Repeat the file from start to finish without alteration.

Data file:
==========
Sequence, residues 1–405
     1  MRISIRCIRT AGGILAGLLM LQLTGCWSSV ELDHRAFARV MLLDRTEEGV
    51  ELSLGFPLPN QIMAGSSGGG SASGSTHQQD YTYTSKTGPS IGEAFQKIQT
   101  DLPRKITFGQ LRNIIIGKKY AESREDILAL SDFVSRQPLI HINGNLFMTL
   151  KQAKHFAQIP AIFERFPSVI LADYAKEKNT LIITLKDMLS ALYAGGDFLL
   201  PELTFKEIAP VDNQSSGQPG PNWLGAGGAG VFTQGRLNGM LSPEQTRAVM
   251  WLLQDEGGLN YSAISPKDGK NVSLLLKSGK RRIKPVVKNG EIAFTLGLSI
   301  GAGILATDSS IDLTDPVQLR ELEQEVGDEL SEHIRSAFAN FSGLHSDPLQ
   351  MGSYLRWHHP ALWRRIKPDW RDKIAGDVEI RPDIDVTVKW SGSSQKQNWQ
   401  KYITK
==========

Sequence, residues 1–405
     1  MRISIRCIRT AGGILAGLLM LQLTGCWSSV ELDHRAFARV MLLDRTEEGV
    51  ELSLGFPLPN QIMAGSSGGG SASGSTHQQD YTYTSKTGPS IGEAFQKIQT
   101  DLPRKITFGQ LRNIIIGKKY AESREDILAL SDFVSRQPLI HINGNLFMTL
   151  KQAKHFAQIP AIFERFPSVI LADYAKEKNT LIITLKDMLS ALYAGGDFLL
   201  PELTFKEIAP VDNQSSGQPG PNWLGAGGAG VFTQGRLNGM LSPEQTRAVM
   251  WLLQDEGGLN YSAISPKDGK NVSLLLKSGK RRIKPVVKNG EIAFTLGLSI
   301  GAGILATDSS IDLTDPVQLR ELEQEVGDEL SEHIRSAFAN FSGLHSDPLQ
   351  MGSYLRWHHP ALWRRIKPDW RDKIAGDVEI RPDIDVTVKW SGSSQKQNWQ
   401  KYITK